Through The Union’s DETECT Child TB project, Esther began TB treatment just after giving birth and her son was placed on preventive therapy. c/Will Boase

Contributing to the Elimination of Tuberculosis in Africa

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Contributing to the Elimination of TB in Africa

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The Contributing to the Elimination of Tuberculosis in Africa project (CETA), aims to eliminate tuberculosis (TB) in Francophone Africa by 2035.

Launched in October 2019, the project supports national tuberculosis programmes (NTPs) in eight countries with TB screening and prevention, improving healthcare delivery by better integrating it into the wider health system, and strengthening the governance of these NTPs.

The project builds on The Union’s many years of work supporting TB efforts in the eight countries covered: Benin, Burkina Faso, Cameroon, Guinea, Central African Republic, Niger, Senegal and Togo.


Case study

Timothé Cotonou, Benin

Timothé, his brother and three nephews were all treated – and cured – using the shortened nine month treatment regimen for MDR-TB that was the focus of the observational study led by The Union in nine countries in francophone Africa. The shortened regimen brought not only a more manageable treatment to the patients but also afforded countries the ability to provide MDR-TB treatment. A sixth family member, Timothé’s oldest brother, fell ill with TB before the country had rapid diagnostic tools and sufficient and affordable stock of medicines for treatment. After several rounds of first-line drugs, he passed away. By the time the next member of the Danon family showed symptoms of TB, MDR-TB diagnosis was available in Benin and The Union’s observational study was underway. Timothé has made a complete recovery and has returned to his work as a tailor. He lives in Cotonou with his wife and children.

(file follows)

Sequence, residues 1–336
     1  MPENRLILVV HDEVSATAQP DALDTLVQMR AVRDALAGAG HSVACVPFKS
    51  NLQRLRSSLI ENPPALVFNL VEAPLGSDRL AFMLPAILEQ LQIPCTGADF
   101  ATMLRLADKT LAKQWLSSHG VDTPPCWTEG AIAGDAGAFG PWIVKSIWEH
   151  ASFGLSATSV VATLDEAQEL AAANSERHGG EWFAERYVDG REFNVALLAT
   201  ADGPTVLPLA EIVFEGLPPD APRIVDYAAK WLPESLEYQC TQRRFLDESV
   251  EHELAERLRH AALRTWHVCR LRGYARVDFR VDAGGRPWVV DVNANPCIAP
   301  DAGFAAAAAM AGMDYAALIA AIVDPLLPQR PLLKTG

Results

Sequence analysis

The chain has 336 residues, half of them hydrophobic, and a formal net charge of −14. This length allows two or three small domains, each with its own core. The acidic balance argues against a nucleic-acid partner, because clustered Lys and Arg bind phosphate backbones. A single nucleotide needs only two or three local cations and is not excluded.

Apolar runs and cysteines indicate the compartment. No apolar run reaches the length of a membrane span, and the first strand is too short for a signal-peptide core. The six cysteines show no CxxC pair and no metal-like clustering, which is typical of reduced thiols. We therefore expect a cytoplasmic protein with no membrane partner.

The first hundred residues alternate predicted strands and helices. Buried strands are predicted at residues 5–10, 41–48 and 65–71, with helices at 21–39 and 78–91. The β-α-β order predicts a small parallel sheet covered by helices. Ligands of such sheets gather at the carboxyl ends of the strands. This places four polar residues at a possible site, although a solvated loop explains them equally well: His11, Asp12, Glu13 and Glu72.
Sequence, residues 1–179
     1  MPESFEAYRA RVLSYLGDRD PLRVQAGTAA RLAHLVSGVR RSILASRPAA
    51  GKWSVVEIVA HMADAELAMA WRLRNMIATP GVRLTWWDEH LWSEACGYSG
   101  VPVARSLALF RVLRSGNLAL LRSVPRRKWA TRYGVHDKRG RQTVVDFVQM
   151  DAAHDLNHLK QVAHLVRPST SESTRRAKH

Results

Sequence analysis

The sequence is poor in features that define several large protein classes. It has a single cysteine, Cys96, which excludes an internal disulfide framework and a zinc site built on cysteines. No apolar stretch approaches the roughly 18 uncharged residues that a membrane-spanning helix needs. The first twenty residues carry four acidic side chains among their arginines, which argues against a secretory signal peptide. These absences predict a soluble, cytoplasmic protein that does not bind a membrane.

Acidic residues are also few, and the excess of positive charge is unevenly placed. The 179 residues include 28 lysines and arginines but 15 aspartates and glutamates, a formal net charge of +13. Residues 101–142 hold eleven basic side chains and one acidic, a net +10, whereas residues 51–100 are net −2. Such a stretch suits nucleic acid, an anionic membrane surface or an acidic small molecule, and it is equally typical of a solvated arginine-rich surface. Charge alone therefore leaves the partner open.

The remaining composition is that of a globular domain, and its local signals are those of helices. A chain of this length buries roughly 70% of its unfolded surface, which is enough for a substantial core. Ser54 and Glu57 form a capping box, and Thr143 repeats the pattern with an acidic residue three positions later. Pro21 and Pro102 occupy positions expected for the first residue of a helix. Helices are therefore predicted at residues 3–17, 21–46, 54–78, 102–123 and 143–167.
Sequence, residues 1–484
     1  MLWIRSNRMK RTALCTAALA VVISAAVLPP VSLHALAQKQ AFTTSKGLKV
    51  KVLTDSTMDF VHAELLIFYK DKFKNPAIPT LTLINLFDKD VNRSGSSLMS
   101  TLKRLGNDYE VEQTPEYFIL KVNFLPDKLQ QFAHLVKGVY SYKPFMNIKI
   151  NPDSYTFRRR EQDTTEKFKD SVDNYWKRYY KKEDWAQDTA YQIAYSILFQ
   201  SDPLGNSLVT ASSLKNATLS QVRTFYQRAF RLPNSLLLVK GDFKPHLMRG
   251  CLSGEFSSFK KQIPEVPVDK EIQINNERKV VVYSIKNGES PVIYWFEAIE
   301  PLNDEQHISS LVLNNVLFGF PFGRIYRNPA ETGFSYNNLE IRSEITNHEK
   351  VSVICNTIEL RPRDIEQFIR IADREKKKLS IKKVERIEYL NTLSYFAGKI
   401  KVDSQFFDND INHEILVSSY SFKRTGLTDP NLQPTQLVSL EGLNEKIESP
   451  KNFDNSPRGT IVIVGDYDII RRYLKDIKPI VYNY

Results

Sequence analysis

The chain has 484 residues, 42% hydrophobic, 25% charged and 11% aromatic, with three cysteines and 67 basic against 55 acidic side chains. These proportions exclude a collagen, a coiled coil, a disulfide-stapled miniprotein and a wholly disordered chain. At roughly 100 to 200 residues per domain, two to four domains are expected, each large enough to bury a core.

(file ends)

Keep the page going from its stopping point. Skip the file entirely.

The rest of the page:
CETA has three programmatic approaches, with a particular focus on improving access to care for vulnerable populations, such as people living with HIV or children.

The first approach aims to improve TB screening and prevention; using a new home-based survey to help with the early detection of active TB, allowing those diagnosed to be treated quickly, and anyone in close contact to be given preventive therapy to stop the spread of the disease.

The second supports NTPs to improve healthcare delivery by improving case management of multidrug-resistant TB, and better integrating TB into the county’s national health system, in order to reduce missed opportunities for TB diagnosis during unrelated health checks.

The third approach strengthens the governance of the NTPs, by improving their capacity building skills and supporting them to manage financing from the Global Fund to Fight AIDS, Tuberculosis and Malaria.

For each of these areas of focus, CETA works to create a network of local experts who support each other and have ongoing access to the expertise of The Union, through workshops, courses, conference and online resources to continue to improve the care offered to people with or at risk of TB.

The Union provides ongoing monitoring of the project, including regular exchanges with national programme managers. This includes supporting these NTPs to expand the use of these activities in their future grants to the Global Fund.

This project is financed by an Agence Française de Développement grant.